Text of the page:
Ms Rowan, who was 34 at the time, put it right.

Later in the day, and on the trip from the Alice Springs airport, the popemobile overheated and broke down.

The pope had to change vehicles to arrive in town.

But the small setbacks were overshadowed by his message and the deep, personal connection made with indigenous people.

Ms Rowan had organised a huge calico banner with a simple “Welcome” in Polish language with the message painted in red to match the colours of the Polish flag.

“He saw it and he stopped to read it. It was our way to acknowledge him and his cultural background. That personal relationship was very important,” she said.

Like so many in the crowd, Ms Rowan held her rosary beads aloft and received a blessing as the pope walked through the crowd, along a winding dreaming trail.

He stopped at various stations along the trail to talk to indigenous representatives from across the continent and receive gifts.

At the first station, Rose Borey, from Stradbroke Island, presented Pope John Paul II with a copy of the Our Father in the Gurumpul language of the Stradbroke Island people, the first indigenous Australians to receive Catholic missionaries.

Then the pope delivered his speech – just as a storm was brewing, whipping up the red dust, and swirling through the crowd – that is most remembered, emphasising the unique importance of Australia’s indigenous people.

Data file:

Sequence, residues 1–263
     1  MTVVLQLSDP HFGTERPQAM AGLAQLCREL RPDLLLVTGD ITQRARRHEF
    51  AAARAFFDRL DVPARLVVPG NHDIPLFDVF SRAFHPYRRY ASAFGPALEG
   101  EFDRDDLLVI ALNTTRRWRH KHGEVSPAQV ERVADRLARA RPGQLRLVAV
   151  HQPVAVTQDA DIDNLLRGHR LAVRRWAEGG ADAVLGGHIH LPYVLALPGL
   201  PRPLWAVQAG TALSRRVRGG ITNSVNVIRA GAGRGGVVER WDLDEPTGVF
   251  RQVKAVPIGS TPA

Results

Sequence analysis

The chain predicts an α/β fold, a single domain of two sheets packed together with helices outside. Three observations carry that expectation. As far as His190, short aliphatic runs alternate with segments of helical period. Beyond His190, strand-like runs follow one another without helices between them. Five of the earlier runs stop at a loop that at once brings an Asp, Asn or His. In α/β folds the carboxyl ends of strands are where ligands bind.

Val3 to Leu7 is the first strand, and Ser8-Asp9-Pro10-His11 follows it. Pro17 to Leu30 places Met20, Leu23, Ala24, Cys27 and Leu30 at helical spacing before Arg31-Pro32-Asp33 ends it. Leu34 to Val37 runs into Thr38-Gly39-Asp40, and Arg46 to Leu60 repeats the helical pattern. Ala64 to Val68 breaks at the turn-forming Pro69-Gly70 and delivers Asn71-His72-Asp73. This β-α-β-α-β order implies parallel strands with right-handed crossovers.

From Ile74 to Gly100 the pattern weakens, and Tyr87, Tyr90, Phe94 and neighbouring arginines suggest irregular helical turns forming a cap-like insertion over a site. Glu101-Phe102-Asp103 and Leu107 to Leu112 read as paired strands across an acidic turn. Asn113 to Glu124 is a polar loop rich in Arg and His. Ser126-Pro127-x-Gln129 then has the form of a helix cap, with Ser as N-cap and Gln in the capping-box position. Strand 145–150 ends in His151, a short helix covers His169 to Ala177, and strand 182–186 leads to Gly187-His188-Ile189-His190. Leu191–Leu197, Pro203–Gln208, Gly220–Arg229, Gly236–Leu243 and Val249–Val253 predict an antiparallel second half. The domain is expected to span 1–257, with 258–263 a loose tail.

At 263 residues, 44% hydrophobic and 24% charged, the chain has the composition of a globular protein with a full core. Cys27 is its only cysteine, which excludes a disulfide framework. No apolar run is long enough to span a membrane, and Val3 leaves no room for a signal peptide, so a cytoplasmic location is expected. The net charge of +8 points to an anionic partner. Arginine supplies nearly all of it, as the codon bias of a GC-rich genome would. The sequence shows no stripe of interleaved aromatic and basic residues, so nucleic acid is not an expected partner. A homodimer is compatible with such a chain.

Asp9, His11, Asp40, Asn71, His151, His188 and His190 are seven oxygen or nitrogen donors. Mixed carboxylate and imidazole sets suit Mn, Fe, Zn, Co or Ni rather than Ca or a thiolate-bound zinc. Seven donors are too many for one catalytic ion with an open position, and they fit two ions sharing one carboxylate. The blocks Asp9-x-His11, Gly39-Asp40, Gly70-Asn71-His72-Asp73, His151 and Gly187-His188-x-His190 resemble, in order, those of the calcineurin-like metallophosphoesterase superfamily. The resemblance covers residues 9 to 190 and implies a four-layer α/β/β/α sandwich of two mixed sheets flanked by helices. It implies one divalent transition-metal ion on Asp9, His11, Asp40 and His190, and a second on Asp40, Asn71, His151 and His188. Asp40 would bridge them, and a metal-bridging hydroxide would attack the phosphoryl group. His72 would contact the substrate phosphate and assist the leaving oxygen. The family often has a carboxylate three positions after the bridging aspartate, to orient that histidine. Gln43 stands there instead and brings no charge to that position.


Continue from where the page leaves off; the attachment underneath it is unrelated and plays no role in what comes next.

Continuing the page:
“Your culture, which shows the lasting genius and dignity of your race, must not be allowed to disappear,” he said.

“Do not think that your gifts are worth so little that you should no longer bother to maintain them. Share them with each other and teach them to your children.

“Your songs, your stories, your paintings, your dances, your languages, must never be lost.

“If you stay closely united, you are like a tree standing in the middle of a bushfire sweeping through the timber.

“The leaves are scorched and the tough bark is scarred and burned; but inside the tree the sap is still flowing, and under the ground the roots are still strong.

“Like that tree you have endured the flames, and you still have the power to be reborn. The time for this rebirth is now.”

Ms Rowan said the pontiff’s message resonated deeply – for her own faith and, more broadly for indigenous people.

“He built my confidence in my faith as an Aboriginal person; there is no doubt about that,” she said.

She also recalled how the storm was building during the pope’s speech, with thunder and lightning in the distance, and then as he finished the heavens opened with a downpour.

“The timing was absolutely brilliant. God was good that day,” she said.

Ms Rowan and the other members of the national Aboriginal and Islander organising committee received a black-and-white studio photo of the pope as an official reminder and thank-you for their work in organising the Alice Springs event.

“My experience was different than for most people there. It wasn’t the papal visit that was the big thing, it was the journey to get there,” she said.

She said the event helped forge lifelong friendships with her fellow national committee members and she witnessed the indigenous ministries take shape and grow stronger.

Since the event she has kept her rosary beads in the original tiny brown pouch, tucked in her handbag that she always carries with her.